Why Radical Shifts in Diets and Workout Routines Often Fail To Change Lifestyles

Maroon IronmanAs I wrote in my book, Square One, part of my journey toward achieving balance on all sides of my personal “square”—physical, spiritual, work and relationships—was to rediscover what it meant to live a healthy lifestyle. Like so many of us, I first thought about that concept in reductive, unproductive terms like “losing weight” and “working out.” But the ideas associated wellness and vitality are more positive terms.

But feeling vital and full of energy should not be a chore, and it needn’t be. A healthful, vital lifestyle is one that works for you.  I think lifestyle changes should focus on how you can be healthy and live well, rather than on what works for the masses.  Additionally, it must be something that you can enjoy.

Now, to be fair, change is difficult under any circumstances. Even changing from being sedentary to walking for one hour per day, five days a week, is an adjustment. Giving up fast food in favor of healthy meals is disruptive. But choosing healthful changes that work for you makes the adjustments easier and less disruptive. The trick is always, “Where do I start?” I’d suggest avoiding most fad diets that require radical changes to either your diet or your exercise level and focus on those that are more engaging and even pleasurable. I’ve personally seen the results of radical shift from sedentary to fierce exercise related injuries (a very common outcome) in my practice as a neurosurgeon.

I do triathlons. That works for me. That’s what I enjoy. But that won’t necessarily work for you, and it shouldn’t. There’s an old saying: “The best workout is the one that you’ll do.” If that means walking 5 miles a day for you, that’s fantastic; if you’re moving, that’s great. As you become more fit, you can move onto other types of exercise if you want to. But all that matters at the outset is that you make a change that’s pleasurable for you. In my book, I listed many ways to add movement to your daily routine:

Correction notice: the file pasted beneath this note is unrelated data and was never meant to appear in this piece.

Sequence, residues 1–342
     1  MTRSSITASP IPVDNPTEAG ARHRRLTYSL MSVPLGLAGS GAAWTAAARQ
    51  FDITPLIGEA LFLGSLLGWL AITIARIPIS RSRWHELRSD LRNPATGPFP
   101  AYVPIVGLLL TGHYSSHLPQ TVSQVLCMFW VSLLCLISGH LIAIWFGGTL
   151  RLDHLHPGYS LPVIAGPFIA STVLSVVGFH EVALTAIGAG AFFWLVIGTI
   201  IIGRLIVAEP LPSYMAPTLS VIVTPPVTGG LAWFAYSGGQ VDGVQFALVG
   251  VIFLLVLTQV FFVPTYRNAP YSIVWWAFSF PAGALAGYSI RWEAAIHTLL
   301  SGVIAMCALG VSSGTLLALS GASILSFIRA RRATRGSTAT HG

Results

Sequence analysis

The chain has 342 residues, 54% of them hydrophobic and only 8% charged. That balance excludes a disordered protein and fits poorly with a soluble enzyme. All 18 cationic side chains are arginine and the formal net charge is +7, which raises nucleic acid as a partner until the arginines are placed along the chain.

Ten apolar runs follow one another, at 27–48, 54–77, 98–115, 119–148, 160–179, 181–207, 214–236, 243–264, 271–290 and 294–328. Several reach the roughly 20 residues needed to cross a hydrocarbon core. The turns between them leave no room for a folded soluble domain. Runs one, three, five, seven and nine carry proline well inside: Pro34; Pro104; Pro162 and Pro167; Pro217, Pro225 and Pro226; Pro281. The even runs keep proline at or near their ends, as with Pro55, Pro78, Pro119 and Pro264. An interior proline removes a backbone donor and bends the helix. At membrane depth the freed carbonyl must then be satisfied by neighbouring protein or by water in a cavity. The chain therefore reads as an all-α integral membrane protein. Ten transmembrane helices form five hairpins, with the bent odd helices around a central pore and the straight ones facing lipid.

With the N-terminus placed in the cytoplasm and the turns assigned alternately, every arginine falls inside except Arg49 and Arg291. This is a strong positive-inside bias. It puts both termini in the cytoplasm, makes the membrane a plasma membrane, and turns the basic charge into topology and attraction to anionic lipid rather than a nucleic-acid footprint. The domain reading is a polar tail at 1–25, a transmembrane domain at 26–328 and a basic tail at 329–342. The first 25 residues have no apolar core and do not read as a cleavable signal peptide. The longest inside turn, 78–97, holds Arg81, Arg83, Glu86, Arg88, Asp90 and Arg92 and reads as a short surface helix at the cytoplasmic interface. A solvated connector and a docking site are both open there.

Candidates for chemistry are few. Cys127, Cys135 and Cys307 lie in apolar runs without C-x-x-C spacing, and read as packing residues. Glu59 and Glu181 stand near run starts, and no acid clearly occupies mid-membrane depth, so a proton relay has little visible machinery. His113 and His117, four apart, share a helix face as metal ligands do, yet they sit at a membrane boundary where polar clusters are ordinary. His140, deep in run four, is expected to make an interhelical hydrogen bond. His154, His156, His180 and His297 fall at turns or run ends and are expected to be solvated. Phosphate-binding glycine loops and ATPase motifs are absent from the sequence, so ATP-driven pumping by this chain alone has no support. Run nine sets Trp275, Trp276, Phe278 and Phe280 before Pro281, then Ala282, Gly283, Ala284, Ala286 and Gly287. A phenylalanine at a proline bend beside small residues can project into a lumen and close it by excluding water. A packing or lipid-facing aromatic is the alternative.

– Walk, don’t drive, for short distance errands 0195_14581
– Take the stairs
– Walk on breaks at work
– Dance
– Garden
– Clean your house

But there’s one other thing you can do right now that will make a huge difference in your wellness, and that’s to stop watching any exercise commercial or online video that suggests that exercise alone can get you lean and shredded. Because it’s simply not true.  The average 165-pound man will burn around 1,700-1,800 calories every day just sitting on the couch. Adding a workout routine is great, and the more you move the better, but the impact is really relatively small. Let’s say you do 60 minutes on the elliptical machine at the gym. A person weighing 165 pounds should burn 600-700 calories during that workout.

Not bad. That’s worth doing for a variety of reasons from cardiovascular health to preventing mood disorders. Do that workout 4 days a week and you’re burning a lot of calories and feeling great. But if you’re eating poorly, you can undo all that progress in two meals at the Cheesecake Factory. My point is, if your goal is to get leaner, feel better, and be healthier, you’re better off focusing your attention on eating better food and treating your workouts as supplemental to a great diet, because if you’re alive, you’ll burn calories.